I remember contemplating my last venture, life adventure, discussing it with a friend, and saying, “Well, I really want to try this, but I just don’t know if I can afford to do it right now”. Her reply, “How can you afford not to do it?” This is a fairly typical response from my friends in Jackson. No question, some of the most valuable education received in my life has simply been through living in Jackson Hole.
My friend, she is a long time local, married, massage therapist, yoga teacher, and landscaping business owner which she runs during the summer months. She left Jackson twice after saving every penny to become certified in her professions, dedicated to creating the life she knew she wanted to live in the mountains. There is truth in that you make life happen, life doesn’t always have to happen to you.
I was thinking back to that time after starting up a conversation the other day with a gentleman who had just finished some sort of skype chat with his children and grandchildren (in the middle of the library I might add). We ended up talking about the current state of affairs, the job market, and he said, “Years ago, my wife and I had just adopted a baby and I didn’t even have a job, but I never worried, it worked out, it just did. At times in my life, I made a lot of money, sometimes not as much, but we have always been more than fine, I never worried.”
How do you make major life decisions in challenging economic times without fear and worry dominating your thoughts and still manage to keep your feet (fairly) firmly planted on the ground?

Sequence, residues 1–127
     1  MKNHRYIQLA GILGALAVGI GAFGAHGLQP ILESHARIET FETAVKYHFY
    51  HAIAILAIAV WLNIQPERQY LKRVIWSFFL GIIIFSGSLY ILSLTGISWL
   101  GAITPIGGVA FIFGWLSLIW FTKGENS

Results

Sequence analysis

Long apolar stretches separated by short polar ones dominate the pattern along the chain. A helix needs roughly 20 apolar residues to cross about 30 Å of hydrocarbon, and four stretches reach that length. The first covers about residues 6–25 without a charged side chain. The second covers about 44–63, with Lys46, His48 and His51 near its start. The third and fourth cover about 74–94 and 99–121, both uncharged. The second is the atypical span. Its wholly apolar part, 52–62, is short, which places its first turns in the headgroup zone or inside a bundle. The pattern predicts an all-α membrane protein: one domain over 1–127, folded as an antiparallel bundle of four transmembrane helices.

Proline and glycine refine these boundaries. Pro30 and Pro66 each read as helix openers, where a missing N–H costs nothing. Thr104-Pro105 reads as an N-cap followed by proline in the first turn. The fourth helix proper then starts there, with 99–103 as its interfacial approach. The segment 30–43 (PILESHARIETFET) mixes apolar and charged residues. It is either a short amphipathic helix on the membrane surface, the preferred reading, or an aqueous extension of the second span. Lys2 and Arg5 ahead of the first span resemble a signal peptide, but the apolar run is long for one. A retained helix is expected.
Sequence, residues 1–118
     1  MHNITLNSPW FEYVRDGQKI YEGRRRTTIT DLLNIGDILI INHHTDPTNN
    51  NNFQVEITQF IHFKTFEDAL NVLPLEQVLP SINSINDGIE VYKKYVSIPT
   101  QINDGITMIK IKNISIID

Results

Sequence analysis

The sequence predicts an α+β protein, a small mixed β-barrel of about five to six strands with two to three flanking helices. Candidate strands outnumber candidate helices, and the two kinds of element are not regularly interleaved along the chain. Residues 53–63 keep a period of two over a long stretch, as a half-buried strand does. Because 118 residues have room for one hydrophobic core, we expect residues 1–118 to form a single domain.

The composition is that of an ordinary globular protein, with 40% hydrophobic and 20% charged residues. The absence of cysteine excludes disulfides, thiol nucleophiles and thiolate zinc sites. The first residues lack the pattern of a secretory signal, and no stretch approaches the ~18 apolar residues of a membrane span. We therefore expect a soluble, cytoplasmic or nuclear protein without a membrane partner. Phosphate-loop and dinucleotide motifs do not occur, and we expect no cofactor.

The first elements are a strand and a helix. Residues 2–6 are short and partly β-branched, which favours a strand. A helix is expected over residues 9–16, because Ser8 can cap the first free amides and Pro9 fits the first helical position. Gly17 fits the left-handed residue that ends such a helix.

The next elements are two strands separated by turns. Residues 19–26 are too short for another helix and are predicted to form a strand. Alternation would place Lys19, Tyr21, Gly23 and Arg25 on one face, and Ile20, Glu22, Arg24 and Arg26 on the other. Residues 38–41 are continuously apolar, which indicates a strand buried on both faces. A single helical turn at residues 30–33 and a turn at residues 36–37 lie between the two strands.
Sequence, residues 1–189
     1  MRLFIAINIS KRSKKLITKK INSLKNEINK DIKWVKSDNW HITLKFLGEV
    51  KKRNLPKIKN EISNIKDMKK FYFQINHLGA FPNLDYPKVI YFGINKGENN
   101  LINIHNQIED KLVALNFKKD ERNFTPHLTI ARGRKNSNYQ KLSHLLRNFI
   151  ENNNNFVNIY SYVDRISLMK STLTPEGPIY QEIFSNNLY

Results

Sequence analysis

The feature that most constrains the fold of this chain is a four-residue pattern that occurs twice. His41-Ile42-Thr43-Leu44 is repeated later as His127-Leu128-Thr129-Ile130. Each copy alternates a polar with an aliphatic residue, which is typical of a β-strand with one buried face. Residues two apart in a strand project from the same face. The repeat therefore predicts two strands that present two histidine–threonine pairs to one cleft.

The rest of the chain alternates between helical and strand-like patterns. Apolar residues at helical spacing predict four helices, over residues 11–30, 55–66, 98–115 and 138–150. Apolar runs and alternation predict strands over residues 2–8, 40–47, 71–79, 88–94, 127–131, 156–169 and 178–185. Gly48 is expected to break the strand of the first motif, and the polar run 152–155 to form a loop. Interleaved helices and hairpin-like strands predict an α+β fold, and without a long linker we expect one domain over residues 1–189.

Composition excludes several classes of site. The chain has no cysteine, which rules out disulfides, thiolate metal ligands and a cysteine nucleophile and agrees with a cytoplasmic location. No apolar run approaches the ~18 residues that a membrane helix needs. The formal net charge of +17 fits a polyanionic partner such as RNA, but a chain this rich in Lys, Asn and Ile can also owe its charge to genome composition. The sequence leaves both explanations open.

With all the recent inquiries regarding the current job market from both locals and those ready to move to the mountains, I have sometimes struggled as to how to give valuable advice based in reality while still offering encouragement to people to follow their dreams. We certainly can not magically produce jobs, but that is not at all to say that the dream and the goal are impossible. Will it possibly take more planning, patience, research, saving, and should you ultimately have somewhat of a clear picture of what your own (not someone else’s) personal preferences and expectations of living in a mountain town are? Quite possibly, most likely, absolutely … yes. Is it worth the challenge? I believe so.
I found this article earlier today that you may want to check out. Liz Pulliam Weston’s, Is this the year to change your life?
These two snippets caught my eye,
”But there’s a big difference between being understandably concerned about your finances and being paralyzed by fear. While some folks are hunkering down, reducing their risk and stuffing money in mattresses, others are making bold, life-changing moves.”
Life goes on. Postponing a big move may seem prudent, but avoiding all risk is impossible, and trying to live a “safe” life may leave you with a boring one.